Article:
2nd July 2000
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Meaningful journals for Sri Lankan cinema

Serious film journals help in the progress of the cinema. They contribute towards improving the taste of the filmgoer, who then begins to appreciate the finer points in cinema. Films are evaluated at a higher level, and even provide the forum for lively discussions of what is going on in the industry.

Amidst the heaps of cheap stuff that is churned out in the name of film journals, two quality journals have hit the bookstands in recent weeks. One is the second issue of 'Sadisi', the quarterly put out by the National Film Corporation and the other is the twin issue of 'Cinesith' (vol.39/40), Asian Film Centre's quarterly, having a continuous run since 1985.

'Sadisi' covers a wide range of subjects, related to both local and foreign cinema. In his editorial note, the Editor-in-Chief, Tissa Abeysekera discusses how cinema differs from bioscope, and the need for a good mix of the two, if a film is to succeed. Some of the articles in the journal which offer good reading matter include an interview with Dharmasena Pathiraja by editor Sunil Mihindukula with a provocative title 'Ado Pathiraja, Umba Ivarai', a thesis on Literature & Cinema by Tissa Abeysekera, a look at where we are heading by Chandana Silva, Sinhala translations of a lecture and an article by Lester James Peries, Fr. Ernest Porutota's plea for a cinema highlighting faith in humanity, and an analysis of true female characters in the Sinhala cinema by Anusha de Silva.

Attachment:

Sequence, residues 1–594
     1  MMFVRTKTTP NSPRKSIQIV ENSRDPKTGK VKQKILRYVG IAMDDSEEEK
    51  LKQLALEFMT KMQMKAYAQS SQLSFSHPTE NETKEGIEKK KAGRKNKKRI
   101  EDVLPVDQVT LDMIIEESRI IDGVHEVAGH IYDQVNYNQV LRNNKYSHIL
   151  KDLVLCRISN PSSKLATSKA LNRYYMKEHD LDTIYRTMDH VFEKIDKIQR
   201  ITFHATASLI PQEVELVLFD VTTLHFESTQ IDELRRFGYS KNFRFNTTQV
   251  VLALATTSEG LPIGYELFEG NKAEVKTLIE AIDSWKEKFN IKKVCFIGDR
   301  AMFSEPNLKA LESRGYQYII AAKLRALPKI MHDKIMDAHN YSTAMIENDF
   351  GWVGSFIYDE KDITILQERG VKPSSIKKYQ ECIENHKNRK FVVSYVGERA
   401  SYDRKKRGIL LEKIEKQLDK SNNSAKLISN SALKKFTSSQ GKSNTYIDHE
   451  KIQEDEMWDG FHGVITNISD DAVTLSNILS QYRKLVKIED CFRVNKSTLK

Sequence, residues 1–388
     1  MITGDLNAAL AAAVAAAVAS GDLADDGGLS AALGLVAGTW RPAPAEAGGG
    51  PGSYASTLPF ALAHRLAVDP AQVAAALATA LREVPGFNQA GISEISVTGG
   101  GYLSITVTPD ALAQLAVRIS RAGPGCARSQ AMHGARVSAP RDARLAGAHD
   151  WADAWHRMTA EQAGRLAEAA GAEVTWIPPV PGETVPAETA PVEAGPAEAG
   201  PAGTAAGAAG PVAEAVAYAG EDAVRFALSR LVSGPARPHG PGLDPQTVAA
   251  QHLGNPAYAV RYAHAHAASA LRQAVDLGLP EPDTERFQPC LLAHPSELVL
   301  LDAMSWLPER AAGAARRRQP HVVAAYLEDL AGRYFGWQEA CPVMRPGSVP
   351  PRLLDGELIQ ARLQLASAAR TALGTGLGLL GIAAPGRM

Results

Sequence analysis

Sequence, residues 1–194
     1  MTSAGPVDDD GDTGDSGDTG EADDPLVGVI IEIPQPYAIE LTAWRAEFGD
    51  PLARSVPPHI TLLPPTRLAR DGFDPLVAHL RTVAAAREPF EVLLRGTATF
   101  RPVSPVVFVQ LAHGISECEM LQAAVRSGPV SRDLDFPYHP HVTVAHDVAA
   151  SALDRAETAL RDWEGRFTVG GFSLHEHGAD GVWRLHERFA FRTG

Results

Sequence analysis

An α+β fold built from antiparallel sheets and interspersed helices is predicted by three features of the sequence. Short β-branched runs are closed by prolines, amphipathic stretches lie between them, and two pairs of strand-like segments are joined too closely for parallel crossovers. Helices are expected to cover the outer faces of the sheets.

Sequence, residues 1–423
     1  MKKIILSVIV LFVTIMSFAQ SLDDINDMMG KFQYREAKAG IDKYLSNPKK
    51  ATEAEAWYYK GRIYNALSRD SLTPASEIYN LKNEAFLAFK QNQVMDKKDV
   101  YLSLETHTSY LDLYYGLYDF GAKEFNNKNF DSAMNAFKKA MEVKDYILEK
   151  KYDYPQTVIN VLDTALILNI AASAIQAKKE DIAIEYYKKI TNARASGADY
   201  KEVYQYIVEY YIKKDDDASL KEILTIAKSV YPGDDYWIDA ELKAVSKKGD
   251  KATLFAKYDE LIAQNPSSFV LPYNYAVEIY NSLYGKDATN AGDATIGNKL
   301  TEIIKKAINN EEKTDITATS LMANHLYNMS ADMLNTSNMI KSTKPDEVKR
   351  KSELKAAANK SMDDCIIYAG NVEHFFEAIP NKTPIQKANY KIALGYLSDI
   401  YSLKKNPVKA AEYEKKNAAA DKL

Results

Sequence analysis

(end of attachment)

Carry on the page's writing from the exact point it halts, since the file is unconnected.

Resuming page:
It is also a useful publication for the student of cinema. For it lists out the world's best films in different categories, it continues the series on the history of publications on Sinhala cinema, it documents the award winners at the recent Presidential Film Awards (along with a double spread of colour photographs), sums up cinema activities in the last three months and introduces recent publications on cinema and film-makers. 

With a new editorial board the recent issue (39/40) of 'Cinesith' has got a new look. Pointing out that the Sri Lankan cinema has reached a decisive stage facing new challenges, editor-in-chief Ashley Ratnavibhushana stresses the need to identify the problem areas and lay a clear path. 

In the cover story, Gamini Wijetunga discusses a contemporary issue of how the female is being used as a commercial product in Sri Lankan society and cinema. 

Young film critic Darshana Liyanage reviews Prasanna Vithanage's award winning creation, 'Pavuru Valalu', while Professor Kusuma Karunaratne makes her observations on how 'Purahanda Kaluwara' was received at the second Asian Film Festival in Tokyo. 

Many readers will find Professor Wimal Dissanayake's Neil I. Perera commemorative oration interesting. Gamini Wijetunga's reviewed of newcomer Satyajit Maitipe's excellent creation, 'Smarana Samapti' is no less interesting. The journal has devoted eight pages to introduce recent publications on cinema in Sinhala. - RANAT

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